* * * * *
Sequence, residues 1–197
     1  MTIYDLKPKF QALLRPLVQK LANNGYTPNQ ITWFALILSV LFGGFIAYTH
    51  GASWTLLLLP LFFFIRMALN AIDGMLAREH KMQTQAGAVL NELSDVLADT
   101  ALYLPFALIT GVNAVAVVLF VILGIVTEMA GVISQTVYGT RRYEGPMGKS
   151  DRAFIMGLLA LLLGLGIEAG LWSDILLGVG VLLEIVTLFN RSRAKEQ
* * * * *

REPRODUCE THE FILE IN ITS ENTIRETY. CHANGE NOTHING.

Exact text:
Sequence, residues 1–197
     1  MTIYDLKPKF QALLRPLVQK LANNGYTPNQ ITWFALILSV LFGGFIAYTH
    51  GASWTLLLLP LFFFIRMALN AIDGMLAREH KMQTQAGAVL NELSDVLADT
   101  ALYLPFALIT GVNAVAVVLF VILGIVTEMA GVISQTVYGT RRYEGPMGKS
   151  DRAFIMGLLA LLLGLGIEAG LWSDILLGVG VLLEIVTLFN RSRAKEQ